A bit late on commenting on the latest Canadian employment numbers, but it needs to be analyzed. The headline was that Canada lost 46,000 jobs, but that really buries the lede that Ontario lost 39,000 jobs (with approximately 40% of the population) and the unemployment went from 7.2 to 7.9. Month to month numbers are going to be noisy but that is a pretty big jump for one jump.
There's been a raft of big plant closings in Ontario lately (for example Heinz in Leamington) and these jobs plus their knock on effects were bound to show up in the unemployment numbers eventually. A high dollar and high electricity prices have been causing manufacturing employment to leave Ontario so this shouldn't be that much of a surprise.
The dollar has been tanking recently (down to 92 cents) against its US counterpart and that definitely helps Ontario, both by making manufacturing wages cheaper relatively and also keeping Ontarians shopping at home and potentially increasing foreign tourism while depressing Ontarians spending their money abroad. The dollar decreasing also makes Ontario's high electricity prices more competitive with competing jurisdictions like New York state. Unfortunately prices are still scheduled to rise significantly over the next five years so even a 15% decrease in the value of the dollar won't help that much.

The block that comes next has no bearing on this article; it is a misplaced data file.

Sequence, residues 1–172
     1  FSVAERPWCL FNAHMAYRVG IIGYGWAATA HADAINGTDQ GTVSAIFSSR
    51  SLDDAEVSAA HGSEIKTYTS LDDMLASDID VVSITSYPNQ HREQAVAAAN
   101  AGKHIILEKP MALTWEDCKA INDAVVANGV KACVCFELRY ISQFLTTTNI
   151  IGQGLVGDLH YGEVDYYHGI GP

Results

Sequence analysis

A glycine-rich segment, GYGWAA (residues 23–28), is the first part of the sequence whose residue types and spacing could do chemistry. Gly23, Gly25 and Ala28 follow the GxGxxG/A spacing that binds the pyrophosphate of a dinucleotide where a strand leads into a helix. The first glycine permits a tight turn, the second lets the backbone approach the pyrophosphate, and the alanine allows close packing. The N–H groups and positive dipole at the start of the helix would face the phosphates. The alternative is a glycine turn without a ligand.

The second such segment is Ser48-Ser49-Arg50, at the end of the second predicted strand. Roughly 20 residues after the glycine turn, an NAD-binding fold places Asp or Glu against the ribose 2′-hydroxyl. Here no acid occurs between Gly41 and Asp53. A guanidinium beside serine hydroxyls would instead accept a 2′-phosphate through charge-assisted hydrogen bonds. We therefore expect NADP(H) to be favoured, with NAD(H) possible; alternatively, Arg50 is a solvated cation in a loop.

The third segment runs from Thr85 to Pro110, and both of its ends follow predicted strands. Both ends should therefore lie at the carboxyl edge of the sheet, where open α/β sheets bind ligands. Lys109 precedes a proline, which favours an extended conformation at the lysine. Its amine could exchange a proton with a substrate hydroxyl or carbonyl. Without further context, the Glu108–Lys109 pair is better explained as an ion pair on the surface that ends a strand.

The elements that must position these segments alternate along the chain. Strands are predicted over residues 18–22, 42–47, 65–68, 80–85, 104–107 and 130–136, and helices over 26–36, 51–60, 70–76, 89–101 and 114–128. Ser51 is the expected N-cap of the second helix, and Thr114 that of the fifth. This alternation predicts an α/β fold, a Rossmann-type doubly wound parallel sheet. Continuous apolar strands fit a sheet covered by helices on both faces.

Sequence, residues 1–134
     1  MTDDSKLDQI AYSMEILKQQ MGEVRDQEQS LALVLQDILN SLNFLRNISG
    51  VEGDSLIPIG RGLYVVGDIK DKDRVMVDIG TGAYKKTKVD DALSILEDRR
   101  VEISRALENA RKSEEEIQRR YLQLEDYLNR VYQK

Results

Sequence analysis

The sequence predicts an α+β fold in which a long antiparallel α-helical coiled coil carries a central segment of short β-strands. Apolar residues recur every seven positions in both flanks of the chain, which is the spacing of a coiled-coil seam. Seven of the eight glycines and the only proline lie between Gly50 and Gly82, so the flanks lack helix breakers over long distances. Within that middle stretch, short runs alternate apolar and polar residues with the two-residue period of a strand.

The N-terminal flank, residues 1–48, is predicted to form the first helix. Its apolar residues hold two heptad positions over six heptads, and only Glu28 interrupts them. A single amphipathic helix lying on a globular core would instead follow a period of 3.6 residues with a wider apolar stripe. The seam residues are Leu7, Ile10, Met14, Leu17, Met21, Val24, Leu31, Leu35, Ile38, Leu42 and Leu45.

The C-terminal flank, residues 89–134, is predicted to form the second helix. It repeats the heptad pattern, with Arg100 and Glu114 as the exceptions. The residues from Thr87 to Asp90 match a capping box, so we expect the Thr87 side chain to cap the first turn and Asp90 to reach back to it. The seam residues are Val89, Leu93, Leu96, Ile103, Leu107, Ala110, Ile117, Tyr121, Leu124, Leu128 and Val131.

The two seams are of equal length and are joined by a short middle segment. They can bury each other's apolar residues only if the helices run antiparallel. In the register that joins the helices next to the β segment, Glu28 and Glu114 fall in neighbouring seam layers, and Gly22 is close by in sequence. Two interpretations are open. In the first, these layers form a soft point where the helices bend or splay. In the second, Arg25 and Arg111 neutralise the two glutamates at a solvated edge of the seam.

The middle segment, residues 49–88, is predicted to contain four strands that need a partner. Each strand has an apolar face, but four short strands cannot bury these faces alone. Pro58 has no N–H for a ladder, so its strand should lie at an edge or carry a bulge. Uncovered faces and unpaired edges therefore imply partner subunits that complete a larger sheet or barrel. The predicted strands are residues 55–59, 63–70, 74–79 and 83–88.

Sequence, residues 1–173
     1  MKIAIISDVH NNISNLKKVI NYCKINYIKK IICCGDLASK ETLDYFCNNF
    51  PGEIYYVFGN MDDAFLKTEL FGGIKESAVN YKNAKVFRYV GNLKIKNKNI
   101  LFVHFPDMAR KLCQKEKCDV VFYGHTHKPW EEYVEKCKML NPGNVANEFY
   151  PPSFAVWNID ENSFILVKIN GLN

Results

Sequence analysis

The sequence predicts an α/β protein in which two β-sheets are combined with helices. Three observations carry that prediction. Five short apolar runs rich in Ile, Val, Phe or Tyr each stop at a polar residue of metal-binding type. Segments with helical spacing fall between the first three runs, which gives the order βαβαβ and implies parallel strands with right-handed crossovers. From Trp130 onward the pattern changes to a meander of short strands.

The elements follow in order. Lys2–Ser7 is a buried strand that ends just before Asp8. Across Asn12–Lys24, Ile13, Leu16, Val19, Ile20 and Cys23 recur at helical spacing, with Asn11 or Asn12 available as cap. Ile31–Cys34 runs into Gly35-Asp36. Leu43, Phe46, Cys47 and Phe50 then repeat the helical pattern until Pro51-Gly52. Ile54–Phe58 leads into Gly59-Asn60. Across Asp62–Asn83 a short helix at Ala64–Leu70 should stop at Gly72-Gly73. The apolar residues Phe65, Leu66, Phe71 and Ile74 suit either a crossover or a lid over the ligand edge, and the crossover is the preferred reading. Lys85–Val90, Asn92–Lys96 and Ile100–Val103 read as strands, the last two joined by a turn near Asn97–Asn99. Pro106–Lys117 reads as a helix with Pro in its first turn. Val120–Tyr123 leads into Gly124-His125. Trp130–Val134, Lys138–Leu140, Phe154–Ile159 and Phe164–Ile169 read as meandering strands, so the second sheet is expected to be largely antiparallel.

Losing employment is going to have to hurt Ontario tax revenues. Ontario income tax is heavily weighted to those who make enough to pay at the surtax levels so job losses at manufacturing plants which generally pay more than service sector jobs can have bigger effects. Jobless also spend less so HST revenues will be lower. Some of those employed will go on welfare which raises expenses for the province and municipalities. These job losses probably won't hurt government revenues for 2013 coming so late in the year, but they don't look good for next year.
I haven't checked the Hamilton individual numbers yet, but I'll make an individual post about them.